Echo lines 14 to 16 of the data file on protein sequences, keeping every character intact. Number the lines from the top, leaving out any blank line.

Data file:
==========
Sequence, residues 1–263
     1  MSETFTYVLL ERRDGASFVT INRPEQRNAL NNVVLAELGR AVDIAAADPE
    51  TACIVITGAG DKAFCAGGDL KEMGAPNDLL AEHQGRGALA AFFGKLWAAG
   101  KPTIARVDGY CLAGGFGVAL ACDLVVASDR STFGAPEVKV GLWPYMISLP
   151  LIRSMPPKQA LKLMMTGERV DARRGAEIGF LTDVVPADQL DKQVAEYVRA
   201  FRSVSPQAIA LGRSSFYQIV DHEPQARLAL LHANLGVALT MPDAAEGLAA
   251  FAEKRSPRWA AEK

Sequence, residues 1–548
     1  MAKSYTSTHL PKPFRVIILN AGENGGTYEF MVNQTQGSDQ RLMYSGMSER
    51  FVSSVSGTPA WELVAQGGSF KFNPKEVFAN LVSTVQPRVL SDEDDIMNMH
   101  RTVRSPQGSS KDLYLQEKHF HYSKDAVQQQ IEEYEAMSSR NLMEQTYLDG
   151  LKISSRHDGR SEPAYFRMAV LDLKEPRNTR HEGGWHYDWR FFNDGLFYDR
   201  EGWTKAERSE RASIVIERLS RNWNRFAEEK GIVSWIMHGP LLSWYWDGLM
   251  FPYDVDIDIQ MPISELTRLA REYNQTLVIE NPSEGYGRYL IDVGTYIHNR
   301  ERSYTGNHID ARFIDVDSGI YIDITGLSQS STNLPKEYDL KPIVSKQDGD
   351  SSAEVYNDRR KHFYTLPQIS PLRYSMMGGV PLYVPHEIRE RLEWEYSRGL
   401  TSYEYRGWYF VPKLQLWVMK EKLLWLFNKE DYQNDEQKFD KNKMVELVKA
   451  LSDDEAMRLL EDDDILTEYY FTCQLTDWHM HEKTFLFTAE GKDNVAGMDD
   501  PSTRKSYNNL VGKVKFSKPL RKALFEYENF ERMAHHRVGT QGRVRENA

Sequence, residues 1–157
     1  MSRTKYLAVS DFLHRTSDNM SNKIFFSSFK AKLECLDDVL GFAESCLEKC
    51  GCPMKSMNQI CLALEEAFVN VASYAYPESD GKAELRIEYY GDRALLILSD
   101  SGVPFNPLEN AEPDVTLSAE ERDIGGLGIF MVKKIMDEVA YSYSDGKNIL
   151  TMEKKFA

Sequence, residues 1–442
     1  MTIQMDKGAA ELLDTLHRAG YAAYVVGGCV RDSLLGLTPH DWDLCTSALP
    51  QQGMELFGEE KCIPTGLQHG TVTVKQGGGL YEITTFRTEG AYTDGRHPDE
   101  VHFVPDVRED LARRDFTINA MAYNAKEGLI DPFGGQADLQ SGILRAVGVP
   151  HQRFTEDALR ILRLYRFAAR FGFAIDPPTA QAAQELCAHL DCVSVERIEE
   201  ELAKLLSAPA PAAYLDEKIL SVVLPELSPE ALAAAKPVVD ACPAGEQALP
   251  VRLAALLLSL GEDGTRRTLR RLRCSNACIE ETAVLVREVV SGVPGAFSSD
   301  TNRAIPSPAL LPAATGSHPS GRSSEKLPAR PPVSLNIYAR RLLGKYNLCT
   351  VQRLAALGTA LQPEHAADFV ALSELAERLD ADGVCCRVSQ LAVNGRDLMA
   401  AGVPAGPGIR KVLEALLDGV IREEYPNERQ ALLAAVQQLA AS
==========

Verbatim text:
   251  FPYDVDIDIQ MPISELTRLA REYNQTLVIE NPSEGYGRYL IDVGTYIHNR
   301  ERSYTGNHID ARFIDVDSGI YIDITGLSQS STNLPKEYDL KPIVSKQDGD
   351  SSAEVYNDRR KHFYTLPQIS PLRYSMMGGV PLYVPHEIRE RLEWEYSRGL